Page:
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German Studies, Carolina-Duke Graduate Program
Associate Professor Donahue, Chair (German); Professor Pfau, Director of Graduate Studies and Co-Chair of Carolina-
Duke Graduate Studies Program (English); Professor Downing, Co-Chair of Carolina-Duke Graduate Studies Program
(UNC-CH German); Professors Gillespie (political science), Gilliam (music), Hillerbrand (religion), Jameson (literature),
Kitschelt (political science), Koonz (history), Pfau (English), Rasmussen (German), Robisheaux (history), Stiles (art and
art history), Steinmetz (divinity), Surin (literature), Todd (music), and Van Miegroet (art and art history); Associate
Professors Campt (women’s studies), Coles (political science), Hacohen (history), Morton (German); Assistant Professor
Norberg (German); Associate Professor of the Practice Walther (German); Adjunct Associate Professor Ward
As of fall 2009, the Carolina-Duke Graduate Program in German Studies is a fully merged graduate program
that draws on the largest German Studies faculty in the country, as well as the considerable library holdings of each
institution. Students apply to a single program and graduate with a diploma bearing the names of both Duke
University and the University of North Carolina at Chapel Hill. Information about this program can be found at:
http://www.german.duke.edu/carolina-duke-grad/. For additional information, contact Thomas Pfau at:
email@example.com and Eric Downing at: firstname.lastname@example.org.
A PhD in German Studies is available in this program.
A total of 16 courses (including those listed below), two of which may be credit for work on a dissertation, are
required. Five core courses are required: Foreign Language Pedagogy, Theories and Practices; Cultural Foundations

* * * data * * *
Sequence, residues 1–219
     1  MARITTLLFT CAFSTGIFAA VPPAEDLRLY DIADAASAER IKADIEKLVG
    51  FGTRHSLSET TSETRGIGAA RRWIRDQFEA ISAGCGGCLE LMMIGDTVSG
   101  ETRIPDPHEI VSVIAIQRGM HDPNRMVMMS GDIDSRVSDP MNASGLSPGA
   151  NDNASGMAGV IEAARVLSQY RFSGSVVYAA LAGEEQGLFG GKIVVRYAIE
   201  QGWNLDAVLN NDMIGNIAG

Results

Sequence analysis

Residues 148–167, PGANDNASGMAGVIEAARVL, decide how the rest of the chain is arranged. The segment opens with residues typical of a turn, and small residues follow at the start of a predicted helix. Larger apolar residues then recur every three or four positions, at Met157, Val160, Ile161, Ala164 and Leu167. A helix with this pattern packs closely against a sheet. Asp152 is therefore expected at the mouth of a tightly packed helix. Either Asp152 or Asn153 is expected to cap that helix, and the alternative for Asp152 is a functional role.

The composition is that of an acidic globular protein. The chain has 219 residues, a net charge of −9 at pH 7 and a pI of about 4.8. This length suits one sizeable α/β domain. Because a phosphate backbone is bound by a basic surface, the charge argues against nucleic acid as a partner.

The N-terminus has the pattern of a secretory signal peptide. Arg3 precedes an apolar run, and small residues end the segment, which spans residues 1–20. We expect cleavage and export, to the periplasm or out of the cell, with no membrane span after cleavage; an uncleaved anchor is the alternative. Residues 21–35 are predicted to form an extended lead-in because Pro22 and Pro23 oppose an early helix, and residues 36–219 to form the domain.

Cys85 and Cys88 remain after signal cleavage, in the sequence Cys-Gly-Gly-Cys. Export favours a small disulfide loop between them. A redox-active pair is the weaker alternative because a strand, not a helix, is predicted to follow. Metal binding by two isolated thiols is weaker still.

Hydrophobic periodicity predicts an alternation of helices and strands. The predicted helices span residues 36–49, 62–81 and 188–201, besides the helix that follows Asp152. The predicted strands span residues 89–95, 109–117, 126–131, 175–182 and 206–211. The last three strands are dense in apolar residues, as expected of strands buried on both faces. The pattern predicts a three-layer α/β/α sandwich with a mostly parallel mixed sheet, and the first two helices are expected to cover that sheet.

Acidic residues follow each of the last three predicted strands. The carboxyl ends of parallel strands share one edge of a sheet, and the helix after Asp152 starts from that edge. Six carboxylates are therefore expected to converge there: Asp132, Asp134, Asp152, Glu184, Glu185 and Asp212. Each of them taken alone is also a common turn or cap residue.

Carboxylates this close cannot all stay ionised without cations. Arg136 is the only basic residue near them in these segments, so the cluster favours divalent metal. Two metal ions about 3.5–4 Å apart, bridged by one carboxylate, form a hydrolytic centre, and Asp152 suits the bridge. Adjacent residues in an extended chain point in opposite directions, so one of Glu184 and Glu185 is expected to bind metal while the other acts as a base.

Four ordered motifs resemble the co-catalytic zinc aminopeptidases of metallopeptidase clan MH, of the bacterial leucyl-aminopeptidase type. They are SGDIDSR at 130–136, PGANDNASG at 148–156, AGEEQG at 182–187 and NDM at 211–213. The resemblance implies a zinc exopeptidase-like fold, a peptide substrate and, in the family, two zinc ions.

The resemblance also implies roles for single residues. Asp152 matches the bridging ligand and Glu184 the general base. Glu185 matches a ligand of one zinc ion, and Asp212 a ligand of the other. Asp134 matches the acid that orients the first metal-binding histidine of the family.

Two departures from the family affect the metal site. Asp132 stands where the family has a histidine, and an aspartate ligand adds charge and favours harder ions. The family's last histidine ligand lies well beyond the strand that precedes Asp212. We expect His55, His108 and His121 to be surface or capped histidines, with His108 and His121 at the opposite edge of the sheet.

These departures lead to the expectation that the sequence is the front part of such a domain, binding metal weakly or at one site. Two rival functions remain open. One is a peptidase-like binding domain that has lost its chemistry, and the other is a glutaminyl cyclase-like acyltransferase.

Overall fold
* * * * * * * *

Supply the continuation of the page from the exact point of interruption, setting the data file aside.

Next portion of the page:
in German Studies, to 1800; Cultural Foundations in German Studies, 1800 to the Present; Midde High German; and
German Linguistics. Incoming students who have satisfactorily completed equivalent graduate courses may be
exempted by the Director of Graduate Studies and Graduate Advising (DGS) from one or more of the required
courses. Nine additional elective courses must also be completed; two of these will be DGS-approved courses
outside of the German Studies Program, which complement the student’s areas of interest in an interdisciplinary
A PhD Preliminary Exam is required, normally taken by the end of the third year. An oral dissertation defense,
normally by the end of the fifth year, is also required. In addition, students are strongly encouraged to attend the
program’s monthly "works in progress" seminar, at which faculty, advanced graduate students, and guests present
their current research.
A list of courses offered at UNC-Chapel Hill as part of the Carolina-Duke Graduate Program in German Studies
is available online at: http://www.unc.edu/depts/german/courses/courseofferings.html.
German Courses (GERMAN)
201. German for Academic Research I. Introduction to German for the purpose of developing reading and
translation skills necessary for pursuing academic research. Assumes no prior knowledge of German. Foundations of
German grammar and syntax; emphasis on vocabulary and translations. Selected readings in theory of translation
and techniques. Not open for credit to undergraduate students who have taken Intermediate German (65, 66, 69, or
Graduate School Bulletin –2011-2012 COURSES SECTION -- THIS WILL BE YOUR ONLY PROOF Page 2 of 3
equivalent). Does not count toward the major or minor, or toward the fulfillment of the Foreign Language
Requirement. Instructor: Staff. 3 units.
202. German for Academic Research II. Development and refinement of skills needed to read and translate
intermediate to advanced academic German. Texts selected by instructor, with regular opportunities to work on
materials related to individual fields/research topics. Selected readings in theory of translation and techniques.
Prerequisite: German 201. Not open for credit to undergraduate students who have taken Intermediate German (65,
66, 69, or equivalent). Does not count toward the major or minor, or toward the fulfillment of the Foreign Language
Requirement. Instructor: Staff. 3 units.
204S. German Business / Global Contexts. Current German economic and business debates and events. Germany's